Provided by our instructor, Renee

Anyone who has a fitness routine has experienced sore muscles at one time or another. The question is, how do you treat them to ensure proper healing? 

First let’s talk about why your muscles get sore. The common term for sore muscles after working out is delayed onset muscle soreness or DOMS. According to WebMD, this is the pain you start to feel 24-48 hours after your workout. Any time you start a new fitness program, increase your level of fitness or just do a new physical activity you may cause small injuries or tears to your muscle fiber and connective tissue. Even though it’s painful the soreness is a good sign that you have worked hard and your muscles are getting stronger. 

So, what should you do when you are sore? The first thing people think is “I’m going to skip working out” It’s true that going to the gym does not sound very appealing when you can barely roll out of bed, but ideally you want to continue to work out and build more strength in those muscles and eventually they will not get sore. Just keep in mind you may need to tone down your work out and focus on a part of your body that is not hurting. Another thing to consider is if you are new to fitness. If you have not worked out in several years and/or the type of work out is brand new to you it’s ok to take a day off to avoid an injury. recommends still moving though. Take a walk, go for a swim or just get up from your desk at work several times a day to help your stiff muscles loosen up. 

Make sure you are stretching before and after your workouts. This will help keep muscles from cramping and/or going into spasm. Many people have limited time for their work outs and tend to skip the warmup and cool down stages, but these are just as important as the number of reps and how much weight you lift. For example, 15 to Fit Pilates classes start with a warm-up, something to get the muscles moving slowly before the actual work out. Throughout the class we will take time to do stretches for the parts of the body we just worked and we always end with several minutes of stretching for the whole body.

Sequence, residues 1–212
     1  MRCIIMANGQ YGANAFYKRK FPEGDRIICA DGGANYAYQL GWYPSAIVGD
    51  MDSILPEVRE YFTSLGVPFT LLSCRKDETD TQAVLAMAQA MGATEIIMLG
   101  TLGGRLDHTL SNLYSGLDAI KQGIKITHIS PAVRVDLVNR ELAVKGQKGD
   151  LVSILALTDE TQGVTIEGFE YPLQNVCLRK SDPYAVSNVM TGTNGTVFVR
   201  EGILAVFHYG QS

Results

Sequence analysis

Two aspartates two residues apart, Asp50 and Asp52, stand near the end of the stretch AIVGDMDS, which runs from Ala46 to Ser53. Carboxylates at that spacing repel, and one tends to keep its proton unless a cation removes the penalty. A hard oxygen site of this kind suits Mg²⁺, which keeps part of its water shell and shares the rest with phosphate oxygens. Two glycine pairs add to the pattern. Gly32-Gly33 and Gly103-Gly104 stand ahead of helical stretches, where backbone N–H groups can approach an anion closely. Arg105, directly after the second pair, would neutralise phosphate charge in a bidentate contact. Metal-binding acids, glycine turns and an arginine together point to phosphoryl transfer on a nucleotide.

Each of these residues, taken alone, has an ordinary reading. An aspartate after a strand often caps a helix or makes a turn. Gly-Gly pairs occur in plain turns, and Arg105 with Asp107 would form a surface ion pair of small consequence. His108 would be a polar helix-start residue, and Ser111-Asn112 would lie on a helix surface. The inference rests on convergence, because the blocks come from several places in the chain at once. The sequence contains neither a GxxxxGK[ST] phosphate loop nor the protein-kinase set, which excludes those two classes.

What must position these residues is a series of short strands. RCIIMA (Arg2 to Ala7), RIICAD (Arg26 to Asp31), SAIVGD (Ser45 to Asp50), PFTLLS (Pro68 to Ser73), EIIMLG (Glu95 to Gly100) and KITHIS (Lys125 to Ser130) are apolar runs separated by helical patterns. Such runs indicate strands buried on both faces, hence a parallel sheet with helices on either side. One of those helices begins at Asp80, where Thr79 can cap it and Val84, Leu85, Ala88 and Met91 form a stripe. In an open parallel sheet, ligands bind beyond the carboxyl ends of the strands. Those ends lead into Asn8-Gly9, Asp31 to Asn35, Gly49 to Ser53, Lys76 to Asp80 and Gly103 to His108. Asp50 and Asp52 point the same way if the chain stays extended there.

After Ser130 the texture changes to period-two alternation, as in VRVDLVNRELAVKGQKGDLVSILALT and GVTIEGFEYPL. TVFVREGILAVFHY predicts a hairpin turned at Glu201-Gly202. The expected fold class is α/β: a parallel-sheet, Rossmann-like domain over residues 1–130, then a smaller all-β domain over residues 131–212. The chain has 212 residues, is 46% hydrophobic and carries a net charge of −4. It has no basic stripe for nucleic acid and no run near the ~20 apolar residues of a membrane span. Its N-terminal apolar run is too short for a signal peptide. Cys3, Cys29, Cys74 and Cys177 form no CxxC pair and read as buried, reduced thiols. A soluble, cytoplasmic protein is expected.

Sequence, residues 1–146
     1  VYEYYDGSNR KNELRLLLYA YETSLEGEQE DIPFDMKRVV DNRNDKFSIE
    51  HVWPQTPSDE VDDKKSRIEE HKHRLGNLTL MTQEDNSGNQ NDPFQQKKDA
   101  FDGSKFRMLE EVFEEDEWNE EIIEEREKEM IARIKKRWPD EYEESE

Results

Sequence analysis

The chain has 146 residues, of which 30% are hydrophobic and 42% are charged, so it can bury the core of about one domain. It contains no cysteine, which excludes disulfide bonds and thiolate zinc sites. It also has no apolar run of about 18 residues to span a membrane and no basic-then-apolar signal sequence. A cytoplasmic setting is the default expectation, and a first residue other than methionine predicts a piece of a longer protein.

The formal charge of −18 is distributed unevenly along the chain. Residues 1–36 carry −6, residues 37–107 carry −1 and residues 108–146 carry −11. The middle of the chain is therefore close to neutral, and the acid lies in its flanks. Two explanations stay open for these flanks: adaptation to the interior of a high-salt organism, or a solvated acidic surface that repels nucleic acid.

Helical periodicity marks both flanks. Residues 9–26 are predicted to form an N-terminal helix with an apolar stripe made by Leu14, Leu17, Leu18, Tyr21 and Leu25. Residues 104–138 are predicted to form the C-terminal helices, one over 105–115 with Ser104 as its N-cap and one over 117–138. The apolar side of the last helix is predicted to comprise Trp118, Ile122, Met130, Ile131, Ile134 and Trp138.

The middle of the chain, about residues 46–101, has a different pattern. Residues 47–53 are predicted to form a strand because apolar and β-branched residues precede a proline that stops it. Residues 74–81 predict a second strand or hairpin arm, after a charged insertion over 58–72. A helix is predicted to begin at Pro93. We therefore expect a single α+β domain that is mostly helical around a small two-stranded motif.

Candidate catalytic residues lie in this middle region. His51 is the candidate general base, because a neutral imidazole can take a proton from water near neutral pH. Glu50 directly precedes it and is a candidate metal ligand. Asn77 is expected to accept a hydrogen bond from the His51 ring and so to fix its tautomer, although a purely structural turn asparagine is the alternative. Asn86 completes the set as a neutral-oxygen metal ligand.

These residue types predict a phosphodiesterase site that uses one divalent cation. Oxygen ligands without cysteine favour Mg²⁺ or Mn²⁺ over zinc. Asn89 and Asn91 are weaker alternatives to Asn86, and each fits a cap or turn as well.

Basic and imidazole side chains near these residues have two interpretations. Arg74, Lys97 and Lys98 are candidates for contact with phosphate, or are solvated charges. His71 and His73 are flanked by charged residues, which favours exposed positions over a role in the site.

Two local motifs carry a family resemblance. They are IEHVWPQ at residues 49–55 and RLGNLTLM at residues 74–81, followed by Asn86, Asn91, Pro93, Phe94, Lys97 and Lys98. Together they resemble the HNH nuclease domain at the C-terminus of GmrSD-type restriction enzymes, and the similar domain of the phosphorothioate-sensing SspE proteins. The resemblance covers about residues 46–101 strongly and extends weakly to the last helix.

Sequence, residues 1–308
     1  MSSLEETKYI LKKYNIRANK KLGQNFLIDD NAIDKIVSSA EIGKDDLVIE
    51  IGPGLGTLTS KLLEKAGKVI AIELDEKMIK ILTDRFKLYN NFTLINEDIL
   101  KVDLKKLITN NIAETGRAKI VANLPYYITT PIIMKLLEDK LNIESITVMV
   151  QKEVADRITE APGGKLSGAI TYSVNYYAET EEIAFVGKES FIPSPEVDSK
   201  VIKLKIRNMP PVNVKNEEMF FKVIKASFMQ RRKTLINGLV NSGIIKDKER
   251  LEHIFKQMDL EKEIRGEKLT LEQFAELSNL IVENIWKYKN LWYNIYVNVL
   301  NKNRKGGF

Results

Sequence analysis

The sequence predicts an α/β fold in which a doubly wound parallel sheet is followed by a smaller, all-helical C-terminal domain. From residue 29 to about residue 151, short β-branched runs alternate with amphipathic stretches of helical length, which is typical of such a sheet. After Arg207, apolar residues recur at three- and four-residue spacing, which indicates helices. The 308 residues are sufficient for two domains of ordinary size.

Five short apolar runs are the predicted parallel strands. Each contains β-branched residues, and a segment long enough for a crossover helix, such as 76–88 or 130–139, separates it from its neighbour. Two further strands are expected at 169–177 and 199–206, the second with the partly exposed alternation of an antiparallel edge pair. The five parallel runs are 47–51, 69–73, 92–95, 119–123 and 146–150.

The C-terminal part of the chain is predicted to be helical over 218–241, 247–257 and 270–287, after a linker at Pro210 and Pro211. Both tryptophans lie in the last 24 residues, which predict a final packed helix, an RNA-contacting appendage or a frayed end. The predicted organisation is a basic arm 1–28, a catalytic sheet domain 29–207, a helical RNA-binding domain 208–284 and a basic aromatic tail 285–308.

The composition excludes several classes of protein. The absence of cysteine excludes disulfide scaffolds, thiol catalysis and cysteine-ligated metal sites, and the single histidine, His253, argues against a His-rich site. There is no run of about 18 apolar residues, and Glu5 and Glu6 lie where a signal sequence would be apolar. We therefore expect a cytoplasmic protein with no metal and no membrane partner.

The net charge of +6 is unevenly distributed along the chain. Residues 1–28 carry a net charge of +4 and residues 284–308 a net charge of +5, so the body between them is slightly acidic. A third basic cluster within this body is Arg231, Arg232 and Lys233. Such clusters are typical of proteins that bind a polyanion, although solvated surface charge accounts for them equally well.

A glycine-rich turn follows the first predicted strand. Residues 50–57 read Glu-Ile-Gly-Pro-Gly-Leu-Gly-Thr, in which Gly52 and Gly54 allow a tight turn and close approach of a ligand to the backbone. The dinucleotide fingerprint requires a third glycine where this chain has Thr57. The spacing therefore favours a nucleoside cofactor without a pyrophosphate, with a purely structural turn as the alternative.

When you feel the soreness coming on put an ice pack wrapped in a towel on the affected muscles, this will help decrease inflammation by reducing the blood flow which will reduce the pain. You can alternate your ice pack with a heating pad for better results. The heat increases blood flow which will make your sore, tight muscles relax. 

Foam rolling is a great way to help sore muscles. This “self-massage” will increase blood flow and relieve tension in your muscles. Foam rollers can also be used before your work out to warm up your muscles which in turn will help prevent soreness after your workout. You should feel some soreness when rolling sore muscles but not severe pain, so be sure to apply just enough pressure to stretch the muscles out. 

A natural remedy you can try are essential oils, there are several that can help sore muscles. According to Peppermint oil has menthol which gives it a cooling effect. Also, it is an analgesic, anti-inflammatory and anti-spasmodic which means it will not only relieve pain and inflammation but also calm the spams of muscle cramps. Lavender oil is known for its calming effects but also relieves pain and inflammation. Some other oils known to reduce inflammation and help with pain are Eucalyptus, Rosemary and Chamomile. To avoid skin irritation before applying to your muscles mix your essential oil with a carrier oil (coconut oil and olive oil are 2 examples) You can also put a few drops of the oil in a warm bath and soak your pain away. 

Muscle pain is going to happen if you are active on a regular basis and continue to push yourself to higher levels. I have had several clients come in and tell me they were sore after their last class but they liked the feeling because it meant they worked hard and I always tell them it’s a “good” pain since you have it from doing something healthy for yourself.